Written by John Dighton, Ian McLellan Hunter, and Dalton Trumbo
Directed by William Wyler
Starring Audrey Hepburn, Gregory Peck, Eddie Albert, Hartley Power, Harcourt Williams
- Remembering Roman Holiday featurette
- Restoring Roman Holiday featurette
- Edith Head: The Paramount Years featurette
- Teaser trailer, theatrical trailer, and re-release trailer
- Photo galleries
Anamorphic: N/A; appears in its original 1.33:1 format.
My Advice: Own it.
Princess Ann (Hepburn) is making her World Tour, going about, spouting canned speeches about this or that, and generally getting sick to death of having to go through the routine. She seems, honestly, about to have a nervous breakdown or something. It's in Rome when she's finally had enough and decides to make a break for it, or at least get the hell out of the house. Once out she finds herself in the hands of Joe Bradley (Peck), an American newsman based in Italy. All he knows is that he's got this girl that needs taking care of...but he has no clue he's stumbled on to one hell of a story.
Roman Holiday is just one of those films that you're speaking of when you say that hackneyed line about "They don't make movies like that anymore." Because, well, they just don't. I don't think Hollywood would know what to do with this script today, although you know it's already in development somewhere as a remake. They'd throw in a nice steamy love scene, or a different ending, or...who knows, I should shut up before I give them any more ideas.
Enough complaining, let's talk about what's good. It's all pretty much good. The trio of actors--Hepburn, Peck and Albert--are all more than capable of bringing these characters to life and you making you care about them. Indeed, it's their performances that take a romantic comedy from almost a half-century ago and make it seem not in the least bit dated from a cinematic perspective. You're not bored with the film, even today, because it doesn't feel like something you've seen fifteen times in the last year. It really is amazing how fresh it remains.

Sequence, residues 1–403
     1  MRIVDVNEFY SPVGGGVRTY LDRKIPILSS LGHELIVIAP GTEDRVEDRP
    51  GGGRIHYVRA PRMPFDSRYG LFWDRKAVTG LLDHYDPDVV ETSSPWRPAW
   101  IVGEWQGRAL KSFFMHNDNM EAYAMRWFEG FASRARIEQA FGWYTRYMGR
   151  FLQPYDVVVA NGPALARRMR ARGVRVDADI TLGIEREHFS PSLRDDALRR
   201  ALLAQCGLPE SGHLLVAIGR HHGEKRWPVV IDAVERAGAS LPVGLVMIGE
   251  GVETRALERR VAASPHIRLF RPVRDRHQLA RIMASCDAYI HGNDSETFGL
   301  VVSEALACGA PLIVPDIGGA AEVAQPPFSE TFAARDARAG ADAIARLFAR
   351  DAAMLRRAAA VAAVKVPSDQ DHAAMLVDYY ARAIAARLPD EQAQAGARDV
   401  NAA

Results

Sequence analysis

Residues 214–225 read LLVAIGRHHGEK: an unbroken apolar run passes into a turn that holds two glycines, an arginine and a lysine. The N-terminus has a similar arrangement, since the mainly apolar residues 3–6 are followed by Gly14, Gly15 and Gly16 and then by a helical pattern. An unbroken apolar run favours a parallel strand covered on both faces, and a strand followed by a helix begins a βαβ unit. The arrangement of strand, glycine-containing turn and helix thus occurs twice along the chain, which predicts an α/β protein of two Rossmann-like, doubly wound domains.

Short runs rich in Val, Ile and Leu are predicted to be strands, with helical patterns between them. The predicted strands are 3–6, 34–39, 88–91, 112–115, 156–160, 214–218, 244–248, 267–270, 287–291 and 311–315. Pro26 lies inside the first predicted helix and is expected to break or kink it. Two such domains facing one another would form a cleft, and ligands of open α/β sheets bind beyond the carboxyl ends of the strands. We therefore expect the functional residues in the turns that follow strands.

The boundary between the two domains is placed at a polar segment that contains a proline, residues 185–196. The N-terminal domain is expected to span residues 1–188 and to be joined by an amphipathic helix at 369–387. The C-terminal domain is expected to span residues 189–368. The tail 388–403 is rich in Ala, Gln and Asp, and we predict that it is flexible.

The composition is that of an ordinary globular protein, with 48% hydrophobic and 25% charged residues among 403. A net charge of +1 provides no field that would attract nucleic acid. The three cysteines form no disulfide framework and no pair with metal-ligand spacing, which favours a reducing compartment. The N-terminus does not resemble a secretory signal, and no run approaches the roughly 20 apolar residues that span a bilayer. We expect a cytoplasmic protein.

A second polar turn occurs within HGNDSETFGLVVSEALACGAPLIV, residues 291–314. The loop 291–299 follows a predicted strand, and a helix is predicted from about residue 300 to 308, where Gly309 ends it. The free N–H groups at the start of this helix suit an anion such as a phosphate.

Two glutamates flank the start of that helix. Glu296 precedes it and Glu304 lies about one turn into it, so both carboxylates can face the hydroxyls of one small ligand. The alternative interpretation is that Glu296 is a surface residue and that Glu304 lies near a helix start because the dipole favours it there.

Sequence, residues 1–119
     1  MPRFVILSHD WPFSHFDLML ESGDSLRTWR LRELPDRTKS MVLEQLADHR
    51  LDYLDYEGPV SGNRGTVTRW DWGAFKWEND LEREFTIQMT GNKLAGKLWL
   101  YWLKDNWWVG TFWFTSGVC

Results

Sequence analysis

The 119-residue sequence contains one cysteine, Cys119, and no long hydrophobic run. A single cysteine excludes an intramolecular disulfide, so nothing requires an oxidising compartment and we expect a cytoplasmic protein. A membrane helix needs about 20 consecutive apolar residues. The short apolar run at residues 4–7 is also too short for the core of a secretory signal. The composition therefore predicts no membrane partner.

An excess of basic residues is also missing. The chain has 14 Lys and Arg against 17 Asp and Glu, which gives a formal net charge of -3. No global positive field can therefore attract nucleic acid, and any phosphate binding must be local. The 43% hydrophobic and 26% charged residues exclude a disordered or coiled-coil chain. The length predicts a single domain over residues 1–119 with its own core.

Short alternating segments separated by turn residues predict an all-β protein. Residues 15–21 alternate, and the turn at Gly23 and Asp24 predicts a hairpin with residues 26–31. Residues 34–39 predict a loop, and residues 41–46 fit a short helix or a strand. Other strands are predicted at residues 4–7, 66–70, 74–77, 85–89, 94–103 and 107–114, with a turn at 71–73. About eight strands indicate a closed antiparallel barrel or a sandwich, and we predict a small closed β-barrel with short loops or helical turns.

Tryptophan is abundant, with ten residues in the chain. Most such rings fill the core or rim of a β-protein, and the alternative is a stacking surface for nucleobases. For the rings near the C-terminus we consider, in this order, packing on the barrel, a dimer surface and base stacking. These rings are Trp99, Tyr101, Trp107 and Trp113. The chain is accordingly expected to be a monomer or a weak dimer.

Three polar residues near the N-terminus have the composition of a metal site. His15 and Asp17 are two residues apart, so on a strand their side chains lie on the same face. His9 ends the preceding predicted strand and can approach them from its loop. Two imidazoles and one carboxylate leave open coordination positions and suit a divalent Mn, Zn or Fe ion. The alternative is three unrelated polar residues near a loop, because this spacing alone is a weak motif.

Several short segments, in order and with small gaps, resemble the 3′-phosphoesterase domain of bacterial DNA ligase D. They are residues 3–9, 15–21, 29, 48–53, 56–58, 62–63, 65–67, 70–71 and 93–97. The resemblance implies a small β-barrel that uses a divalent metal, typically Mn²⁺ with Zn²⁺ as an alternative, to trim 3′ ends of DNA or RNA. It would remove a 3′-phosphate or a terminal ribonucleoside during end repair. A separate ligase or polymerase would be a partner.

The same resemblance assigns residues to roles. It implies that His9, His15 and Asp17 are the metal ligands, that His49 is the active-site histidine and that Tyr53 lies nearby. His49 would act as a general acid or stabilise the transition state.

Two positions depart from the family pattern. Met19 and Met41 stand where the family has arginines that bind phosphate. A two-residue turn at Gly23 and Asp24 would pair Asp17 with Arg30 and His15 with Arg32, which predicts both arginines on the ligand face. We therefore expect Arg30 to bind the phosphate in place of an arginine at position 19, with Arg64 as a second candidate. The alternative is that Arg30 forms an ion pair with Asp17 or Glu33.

And it's also amazing that there's so much content on this disc. Kudos to Paramount for providing this stuff. First up is the Remembering featurette, and there's more than you would think that needs remembering. First up, most people know that this was Hepburn's feature debut and that she won an Oscar for her troubles. Less probably are aware of the plight of scribe Trumbo, who wound up blacklisted due to the Great Commie Hunt led by McCarthy. He wrote the script and was fronted by Hunter, because most people wouldn't touch Trumbo with a ten-foot pole--but he and his family needed to still manage to eat. Paramount went back in, found the original footage used behind the card for the writing credits in the film, and gave Trumbo his credit--finally. Huge points. It's nice to see also that they spoke with not only Eddie Albert, but his son, and Wyler's daughter--and we get Hepburn and Peck in archival footage discussing the film. So it's actually a very valiant effort.
The Restoring featurette isn't quite so sweet. Don't get me wrong, it's fascinating to watch as they switch back and forth between the original film and the restored version--and the restored version looks damn good--but they do this switch what feels like thirty times. We get the point. It's also nice to hear about the process and the R&D that went into making this possible, but how many ways and how many different people do we need to point out that there sure was a lot of dirt on that film, ayup? Some more thought as to the content or perhaps an even tighter, shorter segment, might have fixed this. The featurette on Edith Head is also fairly solid, and covers her entire career with Paramount. Her design work, her attitude and life--they're all covered and well in a short amount of time.
Normally, photo galleries and trailers don't impress, but here you have an exception. First up, the trailers, all three, are good to have for archival purposes. There is nothing in the world like looking at old advertising, especially movie trailers, and plotting their evolution over the years. The galleries are actually quite full of really choice shots of all three main characters and some behind-the-scenes work as well.
For fans of Hepburn or Peck, this is probably a no-brainer--but to the rest of us I can safely say that it's worth picking up. Paramount has done a fine job of restoring and packaging the film, and since good romantic comedies are so scarce these days, we might as well look to our screen heritage to get some relief.
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